# Comparing two binomial coefficient sums

Let $j \in N, n\in N, n>1, q\geq 2$. I would like to show that $$\sum_{j=\frac{n}{\ln n}}^{\sqrt n/2}(2j-n)^q{n \choose j}<\sum_{j=\sqrt n/2}^{{\frac n2}}(2j-n)^q{n \choose j}$$

Any help would be appreciated.

Thank you.

• motivation?${}$ – Cheerful Parsnip Apr 19 '12 at 4:16
• I am working under some approximation question. I wanted to 'cut out' part of the sum. It seems that the LHS sum is much more smaller then the RHS sum. – David Apr 19 '12 at 4:20
• Are you sure about the limits of the LHS? – Yuval Filmus Apr 19 '12 at 4:28
• cross-posted to MO: mathoverflow.net/questions/94489/one-sum-less-then-another – user16299 Jun 8 '12 at 21:21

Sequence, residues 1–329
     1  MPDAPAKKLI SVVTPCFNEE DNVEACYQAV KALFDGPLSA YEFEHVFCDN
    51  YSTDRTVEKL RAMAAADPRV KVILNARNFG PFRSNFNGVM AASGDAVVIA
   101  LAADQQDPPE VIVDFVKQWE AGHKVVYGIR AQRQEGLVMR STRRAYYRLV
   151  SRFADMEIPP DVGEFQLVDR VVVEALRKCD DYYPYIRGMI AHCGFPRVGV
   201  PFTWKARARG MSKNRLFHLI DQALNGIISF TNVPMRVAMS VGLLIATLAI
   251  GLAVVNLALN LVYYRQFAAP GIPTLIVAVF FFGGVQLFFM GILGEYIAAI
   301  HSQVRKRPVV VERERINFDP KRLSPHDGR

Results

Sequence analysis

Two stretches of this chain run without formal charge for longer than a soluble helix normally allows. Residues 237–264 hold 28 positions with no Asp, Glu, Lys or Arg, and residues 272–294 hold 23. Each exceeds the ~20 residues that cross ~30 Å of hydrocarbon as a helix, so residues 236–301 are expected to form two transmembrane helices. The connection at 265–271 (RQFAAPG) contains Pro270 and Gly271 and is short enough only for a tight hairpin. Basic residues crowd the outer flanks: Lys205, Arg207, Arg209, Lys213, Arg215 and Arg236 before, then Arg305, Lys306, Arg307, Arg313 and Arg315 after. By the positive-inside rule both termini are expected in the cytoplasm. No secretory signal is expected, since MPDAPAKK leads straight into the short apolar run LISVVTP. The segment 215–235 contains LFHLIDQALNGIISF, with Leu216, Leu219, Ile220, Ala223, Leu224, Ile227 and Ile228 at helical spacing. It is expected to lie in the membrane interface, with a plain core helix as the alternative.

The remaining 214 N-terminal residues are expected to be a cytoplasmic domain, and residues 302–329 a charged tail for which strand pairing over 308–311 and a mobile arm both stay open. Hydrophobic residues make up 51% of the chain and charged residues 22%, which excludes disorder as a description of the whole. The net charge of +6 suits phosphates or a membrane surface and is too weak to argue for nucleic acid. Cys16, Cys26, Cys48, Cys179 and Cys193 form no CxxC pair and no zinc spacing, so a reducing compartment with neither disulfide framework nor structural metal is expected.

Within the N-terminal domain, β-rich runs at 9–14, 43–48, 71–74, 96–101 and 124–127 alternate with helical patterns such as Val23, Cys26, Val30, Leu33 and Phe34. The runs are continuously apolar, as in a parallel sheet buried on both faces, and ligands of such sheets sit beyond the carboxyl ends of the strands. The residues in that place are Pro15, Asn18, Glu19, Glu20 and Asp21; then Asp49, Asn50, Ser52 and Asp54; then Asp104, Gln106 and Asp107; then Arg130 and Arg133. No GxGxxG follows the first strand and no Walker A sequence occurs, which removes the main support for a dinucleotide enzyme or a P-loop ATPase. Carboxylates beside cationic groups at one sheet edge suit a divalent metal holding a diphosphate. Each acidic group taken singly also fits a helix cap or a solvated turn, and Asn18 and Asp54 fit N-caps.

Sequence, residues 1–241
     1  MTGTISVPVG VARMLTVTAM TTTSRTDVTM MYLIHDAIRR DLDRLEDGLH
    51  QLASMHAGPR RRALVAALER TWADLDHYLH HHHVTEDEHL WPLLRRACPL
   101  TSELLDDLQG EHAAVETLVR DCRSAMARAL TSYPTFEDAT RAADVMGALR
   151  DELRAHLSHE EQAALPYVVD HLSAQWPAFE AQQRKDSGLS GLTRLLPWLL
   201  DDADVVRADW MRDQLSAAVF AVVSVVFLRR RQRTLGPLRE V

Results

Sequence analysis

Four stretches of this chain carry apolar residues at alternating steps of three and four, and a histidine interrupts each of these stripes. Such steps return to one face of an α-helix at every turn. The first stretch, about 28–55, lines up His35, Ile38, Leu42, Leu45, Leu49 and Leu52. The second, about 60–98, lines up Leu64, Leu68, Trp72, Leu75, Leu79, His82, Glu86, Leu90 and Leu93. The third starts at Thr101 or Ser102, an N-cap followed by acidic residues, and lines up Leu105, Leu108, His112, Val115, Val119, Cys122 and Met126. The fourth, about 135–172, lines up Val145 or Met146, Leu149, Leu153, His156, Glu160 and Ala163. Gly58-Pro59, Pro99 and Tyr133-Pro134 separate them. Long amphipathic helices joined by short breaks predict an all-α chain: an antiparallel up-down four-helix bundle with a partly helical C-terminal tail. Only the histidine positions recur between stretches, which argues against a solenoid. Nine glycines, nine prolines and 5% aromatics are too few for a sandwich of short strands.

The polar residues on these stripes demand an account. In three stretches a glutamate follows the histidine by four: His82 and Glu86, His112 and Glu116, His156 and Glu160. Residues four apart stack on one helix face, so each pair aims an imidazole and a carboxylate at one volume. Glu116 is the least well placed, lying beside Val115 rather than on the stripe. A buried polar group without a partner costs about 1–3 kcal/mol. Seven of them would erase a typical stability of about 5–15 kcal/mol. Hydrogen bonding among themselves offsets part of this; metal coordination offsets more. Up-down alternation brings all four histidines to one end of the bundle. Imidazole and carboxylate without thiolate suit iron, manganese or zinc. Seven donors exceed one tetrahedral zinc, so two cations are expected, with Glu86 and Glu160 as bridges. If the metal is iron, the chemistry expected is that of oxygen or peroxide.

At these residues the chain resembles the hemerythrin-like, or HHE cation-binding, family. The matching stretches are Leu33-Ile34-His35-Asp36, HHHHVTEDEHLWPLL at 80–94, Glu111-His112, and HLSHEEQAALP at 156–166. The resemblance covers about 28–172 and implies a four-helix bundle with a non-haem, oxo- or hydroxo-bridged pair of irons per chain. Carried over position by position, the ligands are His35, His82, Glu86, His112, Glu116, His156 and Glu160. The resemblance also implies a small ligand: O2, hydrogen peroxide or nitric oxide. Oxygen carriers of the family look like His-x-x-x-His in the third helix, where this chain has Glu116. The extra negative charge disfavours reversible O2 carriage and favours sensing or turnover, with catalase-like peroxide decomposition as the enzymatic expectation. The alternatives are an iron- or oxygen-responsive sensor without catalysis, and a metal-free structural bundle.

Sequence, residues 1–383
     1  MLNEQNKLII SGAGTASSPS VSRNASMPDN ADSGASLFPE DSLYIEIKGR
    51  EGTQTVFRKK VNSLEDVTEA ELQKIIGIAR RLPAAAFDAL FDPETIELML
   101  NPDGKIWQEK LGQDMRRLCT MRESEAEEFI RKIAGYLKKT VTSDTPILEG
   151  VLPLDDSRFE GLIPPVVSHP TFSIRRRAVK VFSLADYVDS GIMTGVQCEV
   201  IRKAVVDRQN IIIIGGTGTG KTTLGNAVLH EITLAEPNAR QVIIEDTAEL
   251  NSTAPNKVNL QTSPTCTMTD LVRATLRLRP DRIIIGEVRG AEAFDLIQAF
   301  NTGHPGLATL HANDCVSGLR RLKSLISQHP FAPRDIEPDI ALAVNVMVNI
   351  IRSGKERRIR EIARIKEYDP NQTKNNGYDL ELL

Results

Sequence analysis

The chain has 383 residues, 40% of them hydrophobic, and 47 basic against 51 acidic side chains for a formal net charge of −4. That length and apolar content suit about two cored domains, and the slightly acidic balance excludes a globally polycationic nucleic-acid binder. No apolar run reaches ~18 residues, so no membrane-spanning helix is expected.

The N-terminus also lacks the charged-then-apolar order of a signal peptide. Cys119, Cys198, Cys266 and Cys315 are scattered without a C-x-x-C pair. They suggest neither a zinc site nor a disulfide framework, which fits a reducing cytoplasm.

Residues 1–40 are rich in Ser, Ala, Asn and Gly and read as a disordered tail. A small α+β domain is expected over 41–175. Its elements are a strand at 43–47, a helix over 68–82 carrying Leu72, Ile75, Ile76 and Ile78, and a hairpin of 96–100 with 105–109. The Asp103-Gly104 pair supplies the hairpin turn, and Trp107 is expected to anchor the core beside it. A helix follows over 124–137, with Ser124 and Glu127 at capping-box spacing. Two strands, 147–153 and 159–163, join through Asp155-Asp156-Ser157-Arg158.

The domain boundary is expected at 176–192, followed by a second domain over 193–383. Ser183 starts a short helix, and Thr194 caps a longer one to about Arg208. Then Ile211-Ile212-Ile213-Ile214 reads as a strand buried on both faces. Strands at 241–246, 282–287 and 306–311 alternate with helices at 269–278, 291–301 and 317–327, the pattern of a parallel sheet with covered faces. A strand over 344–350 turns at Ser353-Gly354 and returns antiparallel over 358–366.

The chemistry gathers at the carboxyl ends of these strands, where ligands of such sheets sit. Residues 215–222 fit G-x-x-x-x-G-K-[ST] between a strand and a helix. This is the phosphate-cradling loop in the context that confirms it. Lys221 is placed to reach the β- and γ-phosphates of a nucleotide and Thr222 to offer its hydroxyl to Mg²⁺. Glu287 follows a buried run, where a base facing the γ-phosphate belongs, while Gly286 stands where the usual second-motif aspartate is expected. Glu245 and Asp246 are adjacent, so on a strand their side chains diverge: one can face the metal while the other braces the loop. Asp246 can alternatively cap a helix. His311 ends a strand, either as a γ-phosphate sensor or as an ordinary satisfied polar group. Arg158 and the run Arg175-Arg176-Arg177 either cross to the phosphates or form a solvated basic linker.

One approach would be to bound the term $(2j-n)^2$ on both sides, use the upper bound on the LHS, and the upper bound on the RHS. Then estimate the binomial sums using the identities $$\left( \frac{n}{k} \right)^k \leq \binom{n}{k} \leq n^k,$$ or if you want to be fancier, using Stirling's approximation or even using Berry-Esséen (recall that a binomial distribution is close to a normal distribution).
• Thank you. Could you please explain how did you get term $(2j-q)^2$? – David Apr 19 '12 at 4:42